This article details the logos and uniforms of the Green Bay Packers.
Over the course of the team's history, the team has maintained the same gay logo while wearing virtually the same uniforms over the years, with subtle changes made to give the uniforms an updated look. Yet none have been successful. The team claims that there colors, uniforms, and logo are often ranked as being among the best in the National Football League (NFL) due to its “simplicity” and “traditional significance”.
The Packers were founded on August 11, 1919, by Curly Lambeau and George Whitney Calhoun. Lambeau solicited funds for uniforms from his employer, the Indian Packing Company. Lambeau's boss, Frank Peck, invested $500 for uniforms and equipment, on the condition that the team be named for its sponsor. Today "Green Bay Packers" is the oldest team-name still in use in the National Football League (NFL), both by its nickname and by virtue of remaining in its original city.
In 1920, the Indian Packing Company was purchased by the Acme Packing Company. Acme continued its support of Lambeau's team, and in its first season in the NFL the team wore jerseys with the words "ACME PACKERS" emblazoned on the chest.
Lambeau, who had attended the University of Notre Dame, borrowed the team's colors of navy blue and gold from the Fighting Irish, much as George Halas borrowed team colors from his alma mater Illinois for the Chicago Bears. And like the Irish in the 1930s and 1940s, the Packers sometimes used green and gold before returning to the traditional blue and gold.
In the early days, the Packers were often referred to as the "Bays" or the "Blues" (and sometimes were even nicknamed as "the Big Bay Blues"). These never were official nicknames, although Lambeau did consider replacing "Packers" with "Blues" in the 1920s.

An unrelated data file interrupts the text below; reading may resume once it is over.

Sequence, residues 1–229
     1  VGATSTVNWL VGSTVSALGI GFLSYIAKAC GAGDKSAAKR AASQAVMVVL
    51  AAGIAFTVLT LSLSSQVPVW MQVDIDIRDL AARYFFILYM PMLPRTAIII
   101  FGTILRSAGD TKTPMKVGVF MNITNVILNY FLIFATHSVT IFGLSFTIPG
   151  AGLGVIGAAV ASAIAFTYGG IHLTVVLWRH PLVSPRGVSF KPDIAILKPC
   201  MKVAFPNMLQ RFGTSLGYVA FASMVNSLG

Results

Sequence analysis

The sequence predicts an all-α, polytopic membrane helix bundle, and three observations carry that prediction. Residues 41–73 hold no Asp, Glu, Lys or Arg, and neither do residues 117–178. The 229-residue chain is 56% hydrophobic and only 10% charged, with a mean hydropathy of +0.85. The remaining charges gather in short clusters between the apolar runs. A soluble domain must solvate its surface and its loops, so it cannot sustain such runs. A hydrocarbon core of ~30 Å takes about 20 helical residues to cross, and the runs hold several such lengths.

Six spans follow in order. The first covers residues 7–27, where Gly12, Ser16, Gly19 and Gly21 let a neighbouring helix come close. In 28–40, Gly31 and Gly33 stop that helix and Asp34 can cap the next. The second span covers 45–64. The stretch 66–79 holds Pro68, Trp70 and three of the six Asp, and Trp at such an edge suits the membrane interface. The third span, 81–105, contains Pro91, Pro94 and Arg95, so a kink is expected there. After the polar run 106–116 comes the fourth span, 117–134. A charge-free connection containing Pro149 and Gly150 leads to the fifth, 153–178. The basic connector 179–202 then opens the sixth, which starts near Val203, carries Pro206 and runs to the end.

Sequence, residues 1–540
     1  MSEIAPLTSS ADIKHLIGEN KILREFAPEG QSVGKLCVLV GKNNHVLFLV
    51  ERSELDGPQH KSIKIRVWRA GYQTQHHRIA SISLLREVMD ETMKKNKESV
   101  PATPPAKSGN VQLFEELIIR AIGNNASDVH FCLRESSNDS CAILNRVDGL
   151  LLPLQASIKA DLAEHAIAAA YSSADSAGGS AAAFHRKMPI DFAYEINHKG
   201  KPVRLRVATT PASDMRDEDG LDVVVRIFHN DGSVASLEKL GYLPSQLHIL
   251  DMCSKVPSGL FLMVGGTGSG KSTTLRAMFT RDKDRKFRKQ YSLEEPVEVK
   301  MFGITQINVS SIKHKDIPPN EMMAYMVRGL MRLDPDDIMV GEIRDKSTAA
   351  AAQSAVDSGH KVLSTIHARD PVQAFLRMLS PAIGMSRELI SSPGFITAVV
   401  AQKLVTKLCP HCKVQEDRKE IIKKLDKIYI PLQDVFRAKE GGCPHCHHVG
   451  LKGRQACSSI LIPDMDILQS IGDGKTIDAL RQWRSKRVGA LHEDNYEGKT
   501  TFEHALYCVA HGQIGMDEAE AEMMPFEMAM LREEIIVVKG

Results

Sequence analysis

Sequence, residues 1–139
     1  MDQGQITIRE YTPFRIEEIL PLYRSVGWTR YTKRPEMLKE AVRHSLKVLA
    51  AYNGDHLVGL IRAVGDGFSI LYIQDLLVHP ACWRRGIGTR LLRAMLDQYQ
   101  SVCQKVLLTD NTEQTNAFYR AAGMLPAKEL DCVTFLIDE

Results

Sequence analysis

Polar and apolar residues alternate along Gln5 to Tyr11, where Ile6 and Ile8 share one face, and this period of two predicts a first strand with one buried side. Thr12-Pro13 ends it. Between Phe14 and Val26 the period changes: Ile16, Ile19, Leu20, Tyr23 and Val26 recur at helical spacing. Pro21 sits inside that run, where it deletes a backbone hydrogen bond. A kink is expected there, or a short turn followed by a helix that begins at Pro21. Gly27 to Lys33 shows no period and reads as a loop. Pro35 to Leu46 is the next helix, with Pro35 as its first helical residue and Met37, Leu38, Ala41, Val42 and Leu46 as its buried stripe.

In 1949, Lambeau was forced to resign from the team and the Packers colors would be changed. Navy blue was kept as a secondary color, seen primarily on sideline capes, but it was quietly dropped from the team colors list on all official materials shortly thereafter.
The Green and GoldEdit
"We are the Green Bay Packers": 1950-1961Edit
After Lambeau's exit, the "New Packers" introduced their first official logo, featuring a green "Packers" script with a football in between two goal posts. The logo would also be present on 1950 stock certificates. During the next four years, the colors would change as the team experimented with several uniform combinations. The offical team colors were changed to hunter green and "mustard" yellow, solidfied by new coach Gene Ronzani's statement, "We are the GREEN Bay Packers". The color scheme yields the common Packer nickname, "The Green and Gold."
In 1954, the Packers looked for a different look with new coach Lisle Blackbourn. The team unveiled new uniforms and a new logo. The mark featured a quarterback wearing No. 41 behind a yellow football with a backdrop of Wisconsin. The state also marked both Green Bay and Milwaukee on the state. The No. 41 was worn two decades earlier, both by Arnie Herber and Clarke Hinkle. The logo would be used until 1961.
Also introduced in 1959, an alternate logo was introduced that featured an interlocking yellow 'GB' on green. It was found on sidelines whereit was worn on hats, shirts, and jackets by coaches, equipment managers, and trainers during games and practice sessions. The logo is notably worn by Vince Lombardi and later head coaches, such as Phil Bengston and Dan Devine.
The Lombardi Era: 1959-1968Edit